Pretty little liars' Lucy Hale learning at the Academy August 09, 2017 11:01
Lucy has barista skills! She was running a one-person bar; dialing-in a grinder, getting nice espresso extractions and pouring rosettas in an afternoon. Anyone looking for a new barista should hire her fast before she starts her next show! :) ...More importantly, Lucy cares about coffee, extending a willingness to pay attention to all the details which made her very coachable and makes her a good barista! Thanks Lucy!
First Coffee Experiences and the Third Wave July 15, 2017 12:08
I’m 3 years old, at my grandparent’s house. We lived with them until I was 6; a common practice to let grandma chase after me while my mom and dad worked taking care of the family grocery store. I was a hyper curious kid. They tell me I was always lurking and watching, two huge dark brown eyes, on an disproportionately huge head on my tiny chubby body, staring in silence. Observing.. Watching… learning..and plotting.
Today’s target was the kitchen table. It was yellow formica, speckled with tiny black, sandy grains, and framed in silver chrome, accented lightly with brass details.
It was one of my favourite shelters, the world is a different place in the eyes of a sub 3’ being. I remember sitting underneath it for hours, on the brown and white squared linoleum floor, playing with the cold brass rings on the tapered chrome legs, flicking them up and rotating them, making the hoops ring, chime and buzz as they fell.
The kitchen table was where we ate all our meals. The dining table was only used for special occasions, and eventually became my grandfather’s desk in later years, as age caught up to his legs, making the descent to his basement den uncertain.
I peeked up, and around the corner and there it was !! ... the round, dark brown coffee cup, perched on its matching saucer.
It was bowl-shaped with a slightly narrow waist down near the bottom, but not so much so that you would call it tulip shaped. It was a man’s cup, thick, and heavy, with a thick coarse rim, not dainty at all. It had a big chunky handle a man’s finger could fit through.
It was my grandfather’s cup.
He had just left for work to join my parents, having earned the right to start later, and arrive when the chaos of opening the doors was over. He would take breakfast by himself, basking in the leisurely solitude of a quiet house in the morning.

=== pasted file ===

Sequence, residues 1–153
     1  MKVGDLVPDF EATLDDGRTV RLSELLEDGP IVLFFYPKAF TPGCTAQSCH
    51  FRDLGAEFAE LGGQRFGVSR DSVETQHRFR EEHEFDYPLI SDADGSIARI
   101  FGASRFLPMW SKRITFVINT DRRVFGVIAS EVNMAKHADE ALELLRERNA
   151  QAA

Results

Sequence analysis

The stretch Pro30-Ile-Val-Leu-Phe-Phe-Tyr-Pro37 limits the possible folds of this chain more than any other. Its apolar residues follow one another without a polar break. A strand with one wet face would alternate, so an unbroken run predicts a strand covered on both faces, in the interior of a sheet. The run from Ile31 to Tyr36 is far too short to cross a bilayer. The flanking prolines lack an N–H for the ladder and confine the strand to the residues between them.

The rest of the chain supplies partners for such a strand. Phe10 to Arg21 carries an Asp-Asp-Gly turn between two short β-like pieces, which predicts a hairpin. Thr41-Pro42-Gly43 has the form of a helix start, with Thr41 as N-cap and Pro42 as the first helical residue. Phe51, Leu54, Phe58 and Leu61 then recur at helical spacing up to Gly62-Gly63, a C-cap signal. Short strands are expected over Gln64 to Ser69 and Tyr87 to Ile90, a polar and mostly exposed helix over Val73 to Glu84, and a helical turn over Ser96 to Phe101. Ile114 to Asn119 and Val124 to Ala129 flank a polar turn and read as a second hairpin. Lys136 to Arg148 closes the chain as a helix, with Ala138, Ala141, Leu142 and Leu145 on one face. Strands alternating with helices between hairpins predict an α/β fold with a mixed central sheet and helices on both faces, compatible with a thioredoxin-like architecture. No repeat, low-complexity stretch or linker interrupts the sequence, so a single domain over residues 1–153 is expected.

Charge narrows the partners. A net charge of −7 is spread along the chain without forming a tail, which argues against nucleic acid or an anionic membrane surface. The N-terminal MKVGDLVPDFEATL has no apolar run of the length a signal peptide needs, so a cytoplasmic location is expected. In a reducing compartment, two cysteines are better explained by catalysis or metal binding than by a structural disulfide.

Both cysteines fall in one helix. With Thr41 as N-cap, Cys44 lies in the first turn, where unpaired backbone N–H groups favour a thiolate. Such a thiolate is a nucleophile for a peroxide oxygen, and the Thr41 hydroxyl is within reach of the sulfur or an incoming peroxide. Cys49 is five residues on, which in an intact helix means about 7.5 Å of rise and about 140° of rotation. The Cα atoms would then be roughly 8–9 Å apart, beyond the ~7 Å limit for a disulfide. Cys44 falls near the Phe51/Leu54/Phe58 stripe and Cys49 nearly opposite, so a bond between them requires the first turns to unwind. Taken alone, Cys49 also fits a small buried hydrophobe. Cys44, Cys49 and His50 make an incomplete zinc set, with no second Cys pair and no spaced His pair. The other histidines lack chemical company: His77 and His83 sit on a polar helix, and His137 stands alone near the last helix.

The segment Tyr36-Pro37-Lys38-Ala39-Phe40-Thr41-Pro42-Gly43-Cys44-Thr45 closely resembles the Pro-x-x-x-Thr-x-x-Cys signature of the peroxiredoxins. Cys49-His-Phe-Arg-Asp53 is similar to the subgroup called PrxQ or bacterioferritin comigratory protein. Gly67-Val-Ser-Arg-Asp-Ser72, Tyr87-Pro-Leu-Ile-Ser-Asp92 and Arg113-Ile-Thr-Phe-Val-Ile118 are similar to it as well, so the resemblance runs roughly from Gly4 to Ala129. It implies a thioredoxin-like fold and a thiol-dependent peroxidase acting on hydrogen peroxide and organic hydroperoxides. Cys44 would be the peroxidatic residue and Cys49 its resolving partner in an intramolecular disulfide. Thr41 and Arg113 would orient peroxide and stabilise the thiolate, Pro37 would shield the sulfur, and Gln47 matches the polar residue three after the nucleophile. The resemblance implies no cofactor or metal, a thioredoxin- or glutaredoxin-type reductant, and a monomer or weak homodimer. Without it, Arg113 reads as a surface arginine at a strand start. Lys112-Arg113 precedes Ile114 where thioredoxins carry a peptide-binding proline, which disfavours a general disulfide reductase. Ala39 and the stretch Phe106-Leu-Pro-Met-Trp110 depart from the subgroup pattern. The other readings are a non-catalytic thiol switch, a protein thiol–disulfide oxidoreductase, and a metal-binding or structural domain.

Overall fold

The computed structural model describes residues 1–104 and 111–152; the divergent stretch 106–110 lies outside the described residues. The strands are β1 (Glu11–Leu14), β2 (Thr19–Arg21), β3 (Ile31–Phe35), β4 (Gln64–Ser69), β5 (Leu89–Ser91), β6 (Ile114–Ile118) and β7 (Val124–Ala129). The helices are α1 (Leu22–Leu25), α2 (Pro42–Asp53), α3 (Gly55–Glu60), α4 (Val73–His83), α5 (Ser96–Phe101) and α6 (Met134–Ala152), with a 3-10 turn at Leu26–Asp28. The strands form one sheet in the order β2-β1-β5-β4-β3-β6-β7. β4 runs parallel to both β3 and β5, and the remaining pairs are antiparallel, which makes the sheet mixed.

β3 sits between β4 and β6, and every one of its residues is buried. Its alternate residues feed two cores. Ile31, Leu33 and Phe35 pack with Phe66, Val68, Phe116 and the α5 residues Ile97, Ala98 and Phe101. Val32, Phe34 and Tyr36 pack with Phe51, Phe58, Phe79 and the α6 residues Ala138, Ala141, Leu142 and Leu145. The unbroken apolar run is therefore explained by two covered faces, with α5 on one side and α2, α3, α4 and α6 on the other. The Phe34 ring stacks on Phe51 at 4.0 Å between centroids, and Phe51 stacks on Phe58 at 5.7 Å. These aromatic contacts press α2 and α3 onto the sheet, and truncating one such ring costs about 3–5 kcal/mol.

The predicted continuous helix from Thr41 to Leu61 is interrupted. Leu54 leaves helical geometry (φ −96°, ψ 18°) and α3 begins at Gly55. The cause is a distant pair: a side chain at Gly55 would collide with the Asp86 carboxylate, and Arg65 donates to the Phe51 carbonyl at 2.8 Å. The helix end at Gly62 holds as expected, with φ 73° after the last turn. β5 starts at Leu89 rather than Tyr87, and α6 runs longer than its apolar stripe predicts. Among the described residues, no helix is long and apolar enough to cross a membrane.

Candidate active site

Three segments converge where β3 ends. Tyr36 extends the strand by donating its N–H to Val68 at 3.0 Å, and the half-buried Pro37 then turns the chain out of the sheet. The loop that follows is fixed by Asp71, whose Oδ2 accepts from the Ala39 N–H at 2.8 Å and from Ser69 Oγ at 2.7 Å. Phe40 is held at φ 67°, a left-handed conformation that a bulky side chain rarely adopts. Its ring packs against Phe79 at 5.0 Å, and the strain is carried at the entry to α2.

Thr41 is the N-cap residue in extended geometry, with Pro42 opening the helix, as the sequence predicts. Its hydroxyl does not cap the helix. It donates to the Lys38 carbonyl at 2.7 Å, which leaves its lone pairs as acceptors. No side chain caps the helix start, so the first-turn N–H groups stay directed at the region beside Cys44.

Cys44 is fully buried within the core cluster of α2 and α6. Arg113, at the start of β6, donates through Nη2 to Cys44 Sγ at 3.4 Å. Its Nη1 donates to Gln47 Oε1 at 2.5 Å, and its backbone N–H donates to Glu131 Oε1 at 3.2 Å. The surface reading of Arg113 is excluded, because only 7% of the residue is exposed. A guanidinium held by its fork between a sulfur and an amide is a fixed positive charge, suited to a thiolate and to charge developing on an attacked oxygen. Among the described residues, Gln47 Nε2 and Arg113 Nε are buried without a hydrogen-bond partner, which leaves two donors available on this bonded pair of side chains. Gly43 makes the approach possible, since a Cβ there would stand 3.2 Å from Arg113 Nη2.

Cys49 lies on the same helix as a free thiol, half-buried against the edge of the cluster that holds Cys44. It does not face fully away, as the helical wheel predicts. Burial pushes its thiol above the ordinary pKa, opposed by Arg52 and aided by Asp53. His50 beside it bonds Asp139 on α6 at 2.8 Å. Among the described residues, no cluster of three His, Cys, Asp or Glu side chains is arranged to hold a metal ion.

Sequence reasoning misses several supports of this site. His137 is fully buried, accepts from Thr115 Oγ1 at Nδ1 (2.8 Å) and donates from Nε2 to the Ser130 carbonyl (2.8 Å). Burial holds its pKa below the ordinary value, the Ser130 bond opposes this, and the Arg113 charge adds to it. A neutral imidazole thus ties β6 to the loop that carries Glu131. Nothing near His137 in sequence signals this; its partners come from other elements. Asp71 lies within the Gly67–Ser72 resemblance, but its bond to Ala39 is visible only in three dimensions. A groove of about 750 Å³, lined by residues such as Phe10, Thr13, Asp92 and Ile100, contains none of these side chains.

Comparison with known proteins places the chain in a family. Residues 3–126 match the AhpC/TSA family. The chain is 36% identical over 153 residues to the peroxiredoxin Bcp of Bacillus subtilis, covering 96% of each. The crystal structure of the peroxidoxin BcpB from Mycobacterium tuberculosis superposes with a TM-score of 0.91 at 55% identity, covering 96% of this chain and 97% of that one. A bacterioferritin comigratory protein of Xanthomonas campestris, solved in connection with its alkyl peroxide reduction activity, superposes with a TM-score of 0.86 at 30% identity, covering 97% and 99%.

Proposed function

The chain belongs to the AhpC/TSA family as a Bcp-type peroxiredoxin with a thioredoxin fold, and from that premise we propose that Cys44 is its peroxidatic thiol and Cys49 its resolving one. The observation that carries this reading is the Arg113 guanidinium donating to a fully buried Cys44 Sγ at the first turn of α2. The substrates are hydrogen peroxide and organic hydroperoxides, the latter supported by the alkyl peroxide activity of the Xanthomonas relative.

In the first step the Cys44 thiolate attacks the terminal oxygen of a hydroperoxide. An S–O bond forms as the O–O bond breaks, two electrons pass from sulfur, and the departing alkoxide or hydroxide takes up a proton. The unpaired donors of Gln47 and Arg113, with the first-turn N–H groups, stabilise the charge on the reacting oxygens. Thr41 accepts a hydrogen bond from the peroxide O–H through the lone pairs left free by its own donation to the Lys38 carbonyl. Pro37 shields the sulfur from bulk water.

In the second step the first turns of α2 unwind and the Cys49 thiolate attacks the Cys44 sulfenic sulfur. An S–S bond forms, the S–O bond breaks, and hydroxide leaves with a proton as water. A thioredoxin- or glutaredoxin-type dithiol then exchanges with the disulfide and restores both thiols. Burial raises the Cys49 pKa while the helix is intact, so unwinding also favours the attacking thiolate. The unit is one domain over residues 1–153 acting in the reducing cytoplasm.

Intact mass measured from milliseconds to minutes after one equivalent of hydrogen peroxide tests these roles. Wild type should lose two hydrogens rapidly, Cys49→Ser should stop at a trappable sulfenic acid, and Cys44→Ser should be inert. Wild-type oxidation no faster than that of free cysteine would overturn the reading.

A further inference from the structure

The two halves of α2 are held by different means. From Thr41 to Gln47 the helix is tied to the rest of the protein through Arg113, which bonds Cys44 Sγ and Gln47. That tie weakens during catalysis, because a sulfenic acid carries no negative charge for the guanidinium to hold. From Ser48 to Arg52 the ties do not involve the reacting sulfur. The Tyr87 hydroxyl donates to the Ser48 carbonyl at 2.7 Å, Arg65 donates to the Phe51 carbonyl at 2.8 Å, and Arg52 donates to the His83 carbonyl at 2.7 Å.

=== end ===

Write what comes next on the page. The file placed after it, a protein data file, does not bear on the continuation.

I knew it was his time, and would hang around quietly under the dining table, or play with my toy cars on the big picture window sill. Every now and then I would peek in until I finally broke his meditation, and he would acknowledge me with his smile and words for the day.
After some warm moments exchanged between grandson and grandfather, it was time to leave for work.
He would disappear into his bedroom to put on his tie, and jacket and his hat in the top shelf of the main hall closet. My job was to pull his shoes of the day ( the pair that didn’t have the shoe trees in them) , out of the closet near the bathroom and have them waiting for him by his bedroom door, where he could shoe horn them on.
Together with my grandmother, we followed him downstairs to the basement and out to the carport, and waved “ bye bye” in that crazed, exaggerated way that only a 3 year old can do, as the Oldsmobile 98 roared to life.
As I got bigger, this job evolved to me carrying his thick leather briefcase down to the car, and jumping up to run down the stairs and retrieve the same briefcase upon hearing his car come home.
So back to the object of my desire.
One final look around, I clambered up the chromed vinyl chair ( also speckled in the same matching pattern as the table) , and squirmed my little round body up. I managed to stand on the seat, and planted my two plump palms wide apart as I leaned forward and peered into the bowl.
At last, the object of my quest... the last few drops of at the bottom of the coffee cup, glistening like gold in the bottom of the pan. I stared at it like indiana jones pondering the golden bust in raiders of the lost ark.
It was still warm as I picked it up with both hands, and I tipped it into my mouth, my tiny tongue probing forward to taste the nectar that lay at the bottom.
Though it was now lukewarm, it was beautifully sweet from the sugar that had failed to dissolve. The harshness of the percolated coffee, tamed by cream. It was liquid candy, only with the forbidden taste of adulthood, and a hint of danger.
I drained the cup, licked the spoon on the saucer, and made my get away to the dining room fortress, still smacking the sweetness off my lips in smug, three year old satisfaction, while I plotted my next adventure for the day.
This is my earliest coffee memory, and time has marched on since. Percolators have fallen out of fashion for decades now, as have hats and shoe trees. The Oldsmobile would be considered a classic muscle car today, and 3 year olds would be watching loud cartoons in the morning.
My grandfather has been gone for almost 17 years now, but on some quiet mornings, when I manage to shut out the noise of the world, and remember to take a breath, I sit down with my grandfather in reunion and share another cup with him, in that same cup and saucer.